A new, free resource is now available, offering support to Montana teens who want to stop vaping or using other tobacco products.
The Montana Department of Public Health and Human Services announced the launch of the “My Life, My Quit” program Monday. It connects Montanans younger than 18 with live coaching and other tailored resources for quitting.
“The number of young Montanans addicted to e-cigarettes is alarming,” DPHHS director Sheila Hogan said in a statement. “It’s unfortunate that people under 18 have already been exposed to harmful substances like tobacco, but it’s critical we offer every resource possible to help them quit now to avoid a lifelong addiction.”
Teens can reach My Life, My Quit by texting or calling 1 (855) 891-9989, or online at mylifemyquit.com. They can receive five sessions with a live coach. Leaders say that live interaction will set the program apart.
“They’re actually having that back-and-forth exchange with the coach,” said Montana Tobacco Use Prevention Program manager Nicole Aune. “The coach can help them with their triggers, with social situations that they might encounter, and they can walk them through all those steps to successfully quit.”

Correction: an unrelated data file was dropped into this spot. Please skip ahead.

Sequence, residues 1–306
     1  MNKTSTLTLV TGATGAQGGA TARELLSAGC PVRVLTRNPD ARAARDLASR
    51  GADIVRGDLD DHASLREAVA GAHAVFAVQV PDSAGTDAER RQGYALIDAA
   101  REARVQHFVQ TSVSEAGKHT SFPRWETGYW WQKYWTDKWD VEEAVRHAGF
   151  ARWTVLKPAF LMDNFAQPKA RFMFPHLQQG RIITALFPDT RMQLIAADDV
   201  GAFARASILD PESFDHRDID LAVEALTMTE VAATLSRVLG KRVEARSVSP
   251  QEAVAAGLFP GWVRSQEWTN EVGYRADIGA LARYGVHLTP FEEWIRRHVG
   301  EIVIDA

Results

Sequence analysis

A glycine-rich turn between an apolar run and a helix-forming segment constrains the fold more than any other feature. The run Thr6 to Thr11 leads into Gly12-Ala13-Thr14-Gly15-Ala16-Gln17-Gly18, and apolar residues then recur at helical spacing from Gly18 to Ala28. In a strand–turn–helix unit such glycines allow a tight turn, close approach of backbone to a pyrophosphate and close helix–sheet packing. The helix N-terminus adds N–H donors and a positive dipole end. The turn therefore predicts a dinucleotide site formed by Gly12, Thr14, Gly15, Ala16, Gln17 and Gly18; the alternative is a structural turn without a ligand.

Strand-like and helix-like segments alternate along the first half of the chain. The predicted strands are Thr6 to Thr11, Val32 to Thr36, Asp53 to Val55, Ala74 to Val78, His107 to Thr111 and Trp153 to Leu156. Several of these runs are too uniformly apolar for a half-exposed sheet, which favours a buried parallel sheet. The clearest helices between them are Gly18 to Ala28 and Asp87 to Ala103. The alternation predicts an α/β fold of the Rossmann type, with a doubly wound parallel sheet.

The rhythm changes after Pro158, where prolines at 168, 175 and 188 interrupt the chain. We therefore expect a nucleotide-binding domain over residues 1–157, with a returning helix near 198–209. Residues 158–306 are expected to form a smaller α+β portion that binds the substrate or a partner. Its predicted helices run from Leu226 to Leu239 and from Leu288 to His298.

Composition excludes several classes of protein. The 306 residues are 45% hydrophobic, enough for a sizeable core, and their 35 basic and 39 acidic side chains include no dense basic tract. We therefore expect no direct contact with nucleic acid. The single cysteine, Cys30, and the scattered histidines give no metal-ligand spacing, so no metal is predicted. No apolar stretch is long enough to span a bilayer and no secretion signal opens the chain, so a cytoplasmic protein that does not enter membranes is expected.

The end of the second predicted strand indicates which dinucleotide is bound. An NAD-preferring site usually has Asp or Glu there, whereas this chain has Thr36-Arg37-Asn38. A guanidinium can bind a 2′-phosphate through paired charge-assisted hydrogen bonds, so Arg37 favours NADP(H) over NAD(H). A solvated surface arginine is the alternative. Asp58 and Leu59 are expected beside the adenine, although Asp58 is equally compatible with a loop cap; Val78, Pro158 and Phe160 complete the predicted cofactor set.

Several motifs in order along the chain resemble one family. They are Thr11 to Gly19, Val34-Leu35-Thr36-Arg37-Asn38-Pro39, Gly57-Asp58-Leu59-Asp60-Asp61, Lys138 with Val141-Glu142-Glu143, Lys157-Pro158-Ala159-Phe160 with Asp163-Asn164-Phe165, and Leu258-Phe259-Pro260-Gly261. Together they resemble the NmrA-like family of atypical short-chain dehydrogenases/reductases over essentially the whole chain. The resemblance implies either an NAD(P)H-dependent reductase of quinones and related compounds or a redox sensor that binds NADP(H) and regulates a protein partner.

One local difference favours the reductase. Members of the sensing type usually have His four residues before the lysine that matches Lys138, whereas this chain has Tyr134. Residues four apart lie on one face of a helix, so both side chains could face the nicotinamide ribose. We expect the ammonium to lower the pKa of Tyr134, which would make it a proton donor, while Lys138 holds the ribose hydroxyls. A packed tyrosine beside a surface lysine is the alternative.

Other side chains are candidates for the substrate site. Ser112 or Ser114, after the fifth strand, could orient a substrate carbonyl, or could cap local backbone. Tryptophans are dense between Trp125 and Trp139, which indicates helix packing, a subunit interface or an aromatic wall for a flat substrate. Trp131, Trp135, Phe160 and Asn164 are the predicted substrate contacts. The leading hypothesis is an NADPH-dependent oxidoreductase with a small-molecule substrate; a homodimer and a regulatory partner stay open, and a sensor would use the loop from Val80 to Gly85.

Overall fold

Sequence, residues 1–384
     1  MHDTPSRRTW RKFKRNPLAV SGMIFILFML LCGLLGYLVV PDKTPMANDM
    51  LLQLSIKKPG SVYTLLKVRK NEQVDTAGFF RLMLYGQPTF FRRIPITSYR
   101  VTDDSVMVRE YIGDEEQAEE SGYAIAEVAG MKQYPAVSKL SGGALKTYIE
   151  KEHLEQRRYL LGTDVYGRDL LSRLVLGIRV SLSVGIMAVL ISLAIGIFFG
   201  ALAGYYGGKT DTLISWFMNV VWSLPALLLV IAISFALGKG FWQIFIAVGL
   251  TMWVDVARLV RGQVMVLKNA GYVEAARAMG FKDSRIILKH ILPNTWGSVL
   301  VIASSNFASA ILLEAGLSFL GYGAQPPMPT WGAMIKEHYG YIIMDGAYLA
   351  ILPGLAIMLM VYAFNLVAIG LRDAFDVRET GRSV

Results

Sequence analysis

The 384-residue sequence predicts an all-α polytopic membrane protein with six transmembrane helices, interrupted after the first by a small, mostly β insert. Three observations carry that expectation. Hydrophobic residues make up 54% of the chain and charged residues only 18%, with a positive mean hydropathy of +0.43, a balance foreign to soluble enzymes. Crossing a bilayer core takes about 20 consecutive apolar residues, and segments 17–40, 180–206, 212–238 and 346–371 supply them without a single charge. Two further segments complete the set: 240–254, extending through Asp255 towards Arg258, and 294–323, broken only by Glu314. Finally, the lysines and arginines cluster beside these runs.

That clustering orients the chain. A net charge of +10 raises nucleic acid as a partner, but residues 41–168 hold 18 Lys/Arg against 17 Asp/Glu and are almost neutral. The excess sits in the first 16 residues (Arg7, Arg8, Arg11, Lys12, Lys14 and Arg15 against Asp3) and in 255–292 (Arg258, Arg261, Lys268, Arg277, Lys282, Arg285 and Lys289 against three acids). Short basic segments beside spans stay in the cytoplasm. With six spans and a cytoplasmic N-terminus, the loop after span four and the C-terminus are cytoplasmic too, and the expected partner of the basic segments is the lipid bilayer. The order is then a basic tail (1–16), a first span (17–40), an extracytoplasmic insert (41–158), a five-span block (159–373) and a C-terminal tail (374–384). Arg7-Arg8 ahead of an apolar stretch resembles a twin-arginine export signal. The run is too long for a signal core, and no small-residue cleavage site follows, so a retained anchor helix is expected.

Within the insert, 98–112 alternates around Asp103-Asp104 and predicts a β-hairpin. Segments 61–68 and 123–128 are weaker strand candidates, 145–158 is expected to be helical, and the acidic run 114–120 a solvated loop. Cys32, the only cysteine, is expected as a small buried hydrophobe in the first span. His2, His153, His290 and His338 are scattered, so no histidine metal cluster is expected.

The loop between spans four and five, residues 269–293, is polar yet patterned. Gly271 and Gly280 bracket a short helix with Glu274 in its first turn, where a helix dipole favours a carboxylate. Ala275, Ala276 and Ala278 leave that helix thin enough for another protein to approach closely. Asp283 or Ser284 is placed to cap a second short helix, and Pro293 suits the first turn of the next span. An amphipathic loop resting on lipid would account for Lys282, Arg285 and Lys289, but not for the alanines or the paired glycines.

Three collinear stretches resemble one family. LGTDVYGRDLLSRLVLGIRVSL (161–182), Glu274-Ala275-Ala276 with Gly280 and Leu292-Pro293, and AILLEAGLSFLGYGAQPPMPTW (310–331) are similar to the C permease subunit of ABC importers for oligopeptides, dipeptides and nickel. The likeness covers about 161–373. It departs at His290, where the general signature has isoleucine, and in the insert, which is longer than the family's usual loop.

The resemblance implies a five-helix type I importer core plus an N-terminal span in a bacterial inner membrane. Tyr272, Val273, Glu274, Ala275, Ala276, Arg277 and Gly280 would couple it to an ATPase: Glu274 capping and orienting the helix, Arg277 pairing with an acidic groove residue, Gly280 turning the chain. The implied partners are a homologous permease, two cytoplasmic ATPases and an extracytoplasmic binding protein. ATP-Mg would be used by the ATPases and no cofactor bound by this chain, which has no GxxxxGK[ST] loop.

My Life, My Quit launched July 1 in nine states: Colorado, Massachusetts, Michigan, Montana, Nevada, North Dakota, Ohio, Pennsylvania, and Utah. It is administered by National Jewish Health, a Denver hospital specializing in respiratory care – and which already runs Montana’s Tobacco Quit Line.
Aune said Montana leaders asked to be included in the new program. She said it will serve as a valuable addition to current Quit Line services.
“While the Quit Line has been available for youth to use, we’ve seen very few youth actually engage with our Quit Line services,” said Aune. “With this new program, it’s actually meeting the teens where they are at – with their phones and text messaging – so we’re hoping to see that that is a new way of reaching this group and helping them get off of tobacco products.”
While My Life, My Quit addresses all tobacco products, it is specifically aimed at vaping. Last December, the U.S. Surgeon General’s Office declared youth e-cigarette use a national epidemic. The National Youth Tobacco Survey found high school e-cigarette use increased 78% from 2017 to 2018.
DPHHS leaders say e-cigarettes are the most commonly used tobacco product for Montana teens. They report almost half of high school students in the state have tried vaping, and nearly a quarter currently use e-cigarettes.
“For youth, we know that e-cigarette use is absolutely not safe,” said Aune.
Aune said most e-cigarettes contain nicotine, and some contain especially high concentrations. Reports show teens who use tobacco products before their brains are fully developed are at a higher risk of becoming addicted.
Story by Jonathon Ambarian, MTN News